My name is Mildred Owens, I am 13 years old and my father had to go and fight in World War I. Today was the day that he finally got to return home to us. He had been away for almost a year. It was 1918, the end of World War I. The Last Battles had ended and we the americans had won the war.
Kiowa, Ted Lavender, and Jimmy Cross are three very different people who were brought together to fight for a common purpose. They not only carried their own belongings, but each other too. This story shows how war can affect people and tells of the burdens that weigh soldiers down for a
All that seems to be remembered is a reverie; a spectacle of valiance and bravery. The older generation —the ones who were there—simply became the collateral damage. The war, in all its infamy, can never be
They might die the next day, or a second later, this fear crushed them down and made them tremble and burst into tears. Fathers, boyfriends, and brothers left their lovings behind and headed to the bloody zone with firm and cold face. They attached their nation’s flags on their hearts and confronted the enemies with murderous weapons, not knowing that their enemy might also be one of the people who were forced to leave their families. Men had to kill the other men unwillingly. August 15, the seventieth anniversary of the World War 2, is coming up and it reminds people the history of this war.
Marching band; copious amounts of people scoff at the sound of those words. I often hear students commenting on how easy marching band is, how we don’t train like the football players do. At Anderson High School, that’s not the case, the marching band trains for just as long. As a band of over 125 individuals, it takes determination, pride, and confidence to achieve the goals we have set forth to accomplish. As a leader of the saxophone section, I know what it’s like to face failure, to overcome and turn it into success and to march on with confidence. I know exactly how to motivate my underclassmen when they tell me “I can’t do this anymore.” Over the last four years, I have succeeded in leading my group of 13 saxophone players to two State
War not only impacts the nations involved, but their inhabitants too. Usually, the ones most directly affected are those on the battlefield. Within Tim O’Brien’s The Things They Carried, through the perspective of a war veteran himself, he illustrated the psychological effects of relocation and of the brutal atmosphere that war was. O’Brien’s internal struggle began as he was contemplating what to do about his draft notice. His “hometown was a conservative little spot…,where tradition counted, and it was easy to imagine people… [talking about] the young O’Brien kid, and how [he was a] damned sissy [for] taking off for Canada” (O’Brien 42-43).
This was not the man that left this village 4 years ago (11). I don’t like to think of my father as ‘that’ man. The real Thomas Bryant died in the trenches with the shells and rifle fire. This was an empty shell of a man, his soul stripped bare by war (12).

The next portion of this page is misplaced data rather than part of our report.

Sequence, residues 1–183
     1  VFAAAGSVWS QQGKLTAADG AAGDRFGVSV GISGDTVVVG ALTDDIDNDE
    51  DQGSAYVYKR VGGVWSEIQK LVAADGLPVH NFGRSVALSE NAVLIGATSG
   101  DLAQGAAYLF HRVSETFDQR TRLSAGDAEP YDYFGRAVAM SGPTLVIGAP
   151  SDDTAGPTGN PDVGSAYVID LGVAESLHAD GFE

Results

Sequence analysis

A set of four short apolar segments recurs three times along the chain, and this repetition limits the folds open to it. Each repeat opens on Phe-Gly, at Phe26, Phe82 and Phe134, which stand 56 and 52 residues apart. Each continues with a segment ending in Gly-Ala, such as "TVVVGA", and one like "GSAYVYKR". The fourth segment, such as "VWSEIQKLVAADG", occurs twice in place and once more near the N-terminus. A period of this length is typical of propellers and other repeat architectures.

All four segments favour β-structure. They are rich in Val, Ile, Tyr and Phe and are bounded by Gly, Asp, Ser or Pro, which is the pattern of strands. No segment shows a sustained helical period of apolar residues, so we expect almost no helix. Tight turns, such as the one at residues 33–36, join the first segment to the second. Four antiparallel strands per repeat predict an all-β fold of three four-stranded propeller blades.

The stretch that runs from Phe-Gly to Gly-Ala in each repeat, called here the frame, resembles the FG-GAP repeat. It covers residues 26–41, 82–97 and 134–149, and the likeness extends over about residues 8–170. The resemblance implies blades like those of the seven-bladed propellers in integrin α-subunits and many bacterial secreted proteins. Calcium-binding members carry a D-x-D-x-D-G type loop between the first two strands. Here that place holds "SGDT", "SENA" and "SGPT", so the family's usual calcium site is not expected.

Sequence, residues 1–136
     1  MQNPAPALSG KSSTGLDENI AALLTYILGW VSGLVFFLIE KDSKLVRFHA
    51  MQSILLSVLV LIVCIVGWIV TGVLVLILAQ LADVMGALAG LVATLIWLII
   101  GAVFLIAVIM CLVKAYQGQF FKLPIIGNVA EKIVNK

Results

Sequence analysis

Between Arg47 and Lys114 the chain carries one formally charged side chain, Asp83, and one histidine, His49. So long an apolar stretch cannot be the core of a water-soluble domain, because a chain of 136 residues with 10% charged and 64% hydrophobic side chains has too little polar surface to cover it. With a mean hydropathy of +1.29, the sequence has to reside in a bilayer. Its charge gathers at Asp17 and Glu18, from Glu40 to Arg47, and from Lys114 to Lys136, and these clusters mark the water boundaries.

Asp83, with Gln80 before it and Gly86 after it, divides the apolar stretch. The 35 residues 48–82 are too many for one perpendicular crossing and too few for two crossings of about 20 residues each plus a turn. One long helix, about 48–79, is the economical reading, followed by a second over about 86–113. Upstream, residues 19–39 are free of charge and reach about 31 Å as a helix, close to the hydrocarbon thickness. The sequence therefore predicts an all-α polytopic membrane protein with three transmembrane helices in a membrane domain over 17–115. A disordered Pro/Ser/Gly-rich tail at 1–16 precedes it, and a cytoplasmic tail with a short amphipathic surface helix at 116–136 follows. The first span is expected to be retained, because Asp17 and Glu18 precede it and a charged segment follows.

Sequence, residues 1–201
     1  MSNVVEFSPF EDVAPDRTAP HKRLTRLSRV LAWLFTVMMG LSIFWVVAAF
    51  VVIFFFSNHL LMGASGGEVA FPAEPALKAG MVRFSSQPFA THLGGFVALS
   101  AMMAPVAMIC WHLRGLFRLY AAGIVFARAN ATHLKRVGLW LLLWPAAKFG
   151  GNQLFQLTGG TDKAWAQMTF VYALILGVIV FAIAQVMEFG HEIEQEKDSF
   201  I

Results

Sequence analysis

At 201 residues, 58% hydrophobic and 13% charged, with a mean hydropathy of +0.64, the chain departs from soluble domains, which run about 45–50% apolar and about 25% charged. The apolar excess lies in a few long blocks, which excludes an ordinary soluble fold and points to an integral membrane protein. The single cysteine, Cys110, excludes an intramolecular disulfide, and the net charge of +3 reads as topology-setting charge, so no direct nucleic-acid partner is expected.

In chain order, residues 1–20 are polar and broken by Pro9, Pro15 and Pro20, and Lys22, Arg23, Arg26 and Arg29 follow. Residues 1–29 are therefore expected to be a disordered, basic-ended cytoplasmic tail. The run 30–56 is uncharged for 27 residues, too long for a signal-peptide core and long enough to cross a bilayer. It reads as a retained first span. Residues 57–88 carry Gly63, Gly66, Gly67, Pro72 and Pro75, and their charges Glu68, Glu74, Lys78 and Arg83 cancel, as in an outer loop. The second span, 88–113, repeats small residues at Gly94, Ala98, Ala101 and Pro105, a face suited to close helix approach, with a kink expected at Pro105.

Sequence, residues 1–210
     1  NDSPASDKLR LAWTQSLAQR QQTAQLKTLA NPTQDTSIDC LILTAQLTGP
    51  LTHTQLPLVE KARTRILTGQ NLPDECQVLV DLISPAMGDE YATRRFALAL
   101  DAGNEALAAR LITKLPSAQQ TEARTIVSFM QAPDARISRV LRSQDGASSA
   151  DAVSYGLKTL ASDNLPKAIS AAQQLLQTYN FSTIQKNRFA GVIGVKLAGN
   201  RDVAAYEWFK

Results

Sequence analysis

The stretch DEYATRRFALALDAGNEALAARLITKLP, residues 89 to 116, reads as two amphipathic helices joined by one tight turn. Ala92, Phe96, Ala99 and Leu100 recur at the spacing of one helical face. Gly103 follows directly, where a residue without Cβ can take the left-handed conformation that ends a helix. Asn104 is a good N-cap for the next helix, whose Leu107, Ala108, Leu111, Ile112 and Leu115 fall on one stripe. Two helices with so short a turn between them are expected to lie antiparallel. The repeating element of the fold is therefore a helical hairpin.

The reality of it was shown to them, as they watched the troops arriving to the school. The war had now become something they would have to base their lives off of. The war had slowly taken over life at Devon, and it had encroached through situations such as the boys doing work for the war, talking about enlisting, and watching the troops move into Devon. As they had been going through so many conflicts of their own, they had often seemed oblivious of the growing problem of the war. This oblivion ended, however, when the realization of the war sunk in when the war dominated their lives.
On June 28th, 1914 many women’s lives changed, and mainly not for the better. Their husbands, sons, brothers and fathers may have been called up for the army and they may not have ever seen them again. When we think of wars we think of men fighting, knee deep in mud in trenches and gunshots firing all round. We think of air raid sirens ringing out through towns. We do not think of women, whatever their role may be.
Emert discusses how Americans contributed to the home front. She also depicts the changing face of the American worker during the war. Throughout this book, the war efforts of children are discussed. It features speeches, statistics, and personal accounts of people who lived during World War II.
Our most appreciated administrators and teachers, dear parents, adored friends, ladies and gentlemen, a pleasant morning to you. It is a great privilege for me to be standing here in front of you to express the happiness that we feel in our hearts today. I am Amal a student who has been going to AIS for 8 years now. They say “Today we learn, tomorrow we lead”. That’s true those three years made a difference. Those 3 years will be a step to the future, a step closer to our goal.
My family is very inspiring to me. I am very thankful that my parents brought me into this world. Growing up my parents always showed me how exactly things work in life. One of the hardest things that I had to accept was that I could not have everything I wanted. There were times when my parents spoiled me but I was always taught to be thankful of the things that I had and to not be so selfish. Having two other siblings helped me prevent the want of being selfish. I do not know what I would do without my family. My family is very inspiring because they show me all aspects on how I should live my life through their experiences like education, parenting, and work ethic.